Since I started performing comedy back in the 1980s, I have often seen myself as a ‘political’ comedian. In the early days, my comedy probably wasn’t as political as it became towards the end of the 1990s. By that stage, my set was around 80% political. These days, it’s closer to 97%. Being a left-wing political comedian or a comedian who is interested in left politics, doesn’t necessarily mean that I bat for the Labour Party (I don’t), nor does it mean that I spew a stream of cheap politically-charged invective for quick laughs (‘Thatcher is a cunt’ clearly lacked analysis). There’s more to it than that.
Often, when people hear the word ‘political’ prefacing the word ‘comedy’, they assume that the comedy in question is taking sides with one political party or another – usually a left-wing party or ideology. In the 80s, I used to tell people that when I talked about politics I was using that word in a much broader sense than what is generally understood. Sometimes they looked confused. But for me there is no confusion. As feminists used to say (and still do), “The personal is political”. Catherine Itzin, writing about left-wing theatre companies, said in her book, Stages in the Revolution “Everything is political” (1986: 2). If you have an opinion on something – even on the cost of foodstuffs – then you hold a political position. When people tell me that they “hate” politics, I despair. Of course, what they really mean is that they hate party politics and career politicians. No one is completely apolitical.
When I started in comedy, the main political issue for me was consumerism and its consequences. In 1988, I wrote a comedy piece called “The Shopping Centre That Ate The World”. The piece was influenced by the expansion of the Eldon Square Shopping Centre in the middle of Newcastle City Centre, whose continued expansion seemed to be out of control. Eldon Square was joined by the new Metro Centre in Dunston, near Gateshead. It is a massive shopping complex that was once considered to be the largest of its kind in Britain (sorry, Sheffield, but Meadowhall is smaller). These new shopping centres arrived to coincide with the increased uptake in credit card ownership and the availability of cheap credit. All of a sudden, people rushed to get their hands on credit cards and take out loans for consumables. This is exactly what the Thatcher government wanted. Loans, which were suddenly considered to be ‘products’ could now be included in the country’s GDP figures. Loans, in effect, could be used to make the claim that the economy was ‘booming’ when in fact, it was heading for recession.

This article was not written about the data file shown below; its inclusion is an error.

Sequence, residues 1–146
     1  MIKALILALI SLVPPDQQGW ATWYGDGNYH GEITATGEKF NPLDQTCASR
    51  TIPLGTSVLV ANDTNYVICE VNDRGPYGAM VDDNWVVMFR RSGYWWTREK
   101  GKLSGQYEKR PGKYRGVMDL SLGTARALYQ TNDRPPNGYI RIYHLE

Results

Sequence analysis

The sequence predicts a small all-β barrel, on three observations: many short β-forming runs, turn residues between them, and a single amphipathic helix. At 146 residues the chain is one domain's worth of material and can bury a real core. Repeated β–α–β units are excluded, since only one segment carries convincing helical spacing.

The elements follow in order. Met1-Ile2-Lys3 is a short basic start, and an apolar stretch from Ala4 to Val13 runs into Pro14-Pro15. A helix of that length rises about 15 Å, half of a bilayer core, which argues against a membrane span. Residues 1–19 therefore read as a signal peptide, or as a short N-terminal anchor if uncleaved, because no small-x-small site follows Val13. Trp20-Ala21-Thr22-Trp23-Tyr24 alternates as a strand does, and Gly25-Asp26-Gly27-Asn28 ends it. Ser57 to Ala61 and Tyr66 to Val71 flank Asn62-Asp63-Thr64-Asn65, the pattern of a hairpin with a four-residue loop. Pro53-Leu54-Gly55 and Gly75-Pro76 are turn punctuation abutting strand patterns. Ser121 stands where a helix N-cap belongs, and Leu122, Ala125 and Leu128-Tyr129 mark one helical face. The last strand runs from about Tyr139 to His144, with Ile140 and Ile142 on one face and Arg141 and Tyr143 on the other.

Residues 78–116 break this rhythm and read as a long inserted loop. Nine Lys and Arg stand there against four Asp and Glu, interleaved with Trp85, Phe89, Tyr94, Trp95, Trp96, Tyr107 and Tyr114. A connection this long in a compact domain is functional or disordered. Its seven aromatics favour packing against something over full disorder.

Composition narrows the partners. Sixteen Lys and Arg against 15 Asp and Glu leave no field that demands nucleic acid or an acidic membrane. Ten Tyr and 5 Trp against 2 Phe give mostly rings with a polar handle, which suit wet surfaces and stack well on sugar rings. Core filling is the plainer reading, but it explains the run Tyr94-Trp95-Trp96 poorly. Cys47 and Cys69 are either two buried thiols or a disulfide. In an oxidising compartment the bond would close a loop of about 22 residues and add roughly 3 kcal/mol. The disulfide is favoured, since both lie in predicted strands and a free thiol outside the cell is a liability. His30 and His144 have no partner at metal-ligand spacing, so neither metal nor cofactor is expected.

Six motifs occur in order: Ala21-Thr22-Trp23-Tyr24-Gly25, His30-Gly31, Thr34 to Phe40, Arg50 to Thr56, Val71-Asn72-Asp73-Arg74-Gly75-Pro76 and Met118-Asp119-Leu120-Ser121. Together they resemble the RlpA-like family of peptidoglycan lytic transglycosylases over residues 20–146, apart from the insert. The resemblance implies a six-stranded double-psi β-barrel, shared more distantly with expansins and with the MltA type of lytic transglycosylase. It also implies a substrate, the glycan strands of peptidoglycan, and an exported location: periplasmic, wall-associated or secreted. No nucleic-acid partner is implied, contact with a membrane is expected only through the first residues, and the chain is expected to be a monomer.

More recently, I have included a piece in my set that addresses the oft-used remark used by politically disinterested comedians who continue to tell me that politics “isn’t funny”. Yet, the same comedians would claim that nothing is too sacred for comedy. If that is the case, then what about politics? Aren’t these people contradicting themselves? Of course they are. Stephen Wagg (1997) notes that in Britain, politics – as it is generally understood – was traditionally the preserve of the aristocracy and landed classes. Therefore, it was assumed that these people possessed some kind of specialized, but esoteric knowledge that was off limits to the uninitiated. The politicians themselves were seen as untouchable; above criticism. Indeed, in the music halls, it was forbidden to lampoon or satirize politicians, who were treated somewhat deferentially; almost like demigods. It wasn’t until Beyond the Fringe that this attitude began to change, but it’s still a struggle some 50+ years later to satirize politicians if you come from a working class background. The production of satire in Britain remains stubbornly in the hands of an Oxbridge and public school-educated elite. Armando Ianucci’s MBE a couple of years ago, serves to remind us that political satire is still a bourgeois pastime. Only these days, satire also has state approval. State-sanctioned satire, regardless of how entertaining it is, is an oxymoron because it does nothing to raise consciousness. It fails to speak to power, because it is produced by the same social class that holds political power. In what other country does this happen?
There is a depressing lack of comedy that addresses the issues that we face today. We have a government in power that rides roughshod over the majority of the people, yet many stand-up comedians would rather talk about their dicks, their cars and what they had for lunch than speak to power. Sometimes, I think that, in terms of comedy, we’ve moved backwards. It’s only a matter of time before someone goes and books Jim Davidson to appear at their comedy club. They already have, you say? Well, there you go.
Itzin, C. (1986) Stages in the Revolution: Political Theatre in Britain Since 1968. London: Methuen
Wagg, S. (ed) (1998) Because I Tell a Joke or Two: Comedy, Politics and Social Difference. London: Routledge.
Wagg, S. (2002) “Comedy, politics and permissiveness; the satire boom and its inheritance” in Contemporary Politics, Vol. 8, No. 4 (2002). Accessed via JSTOR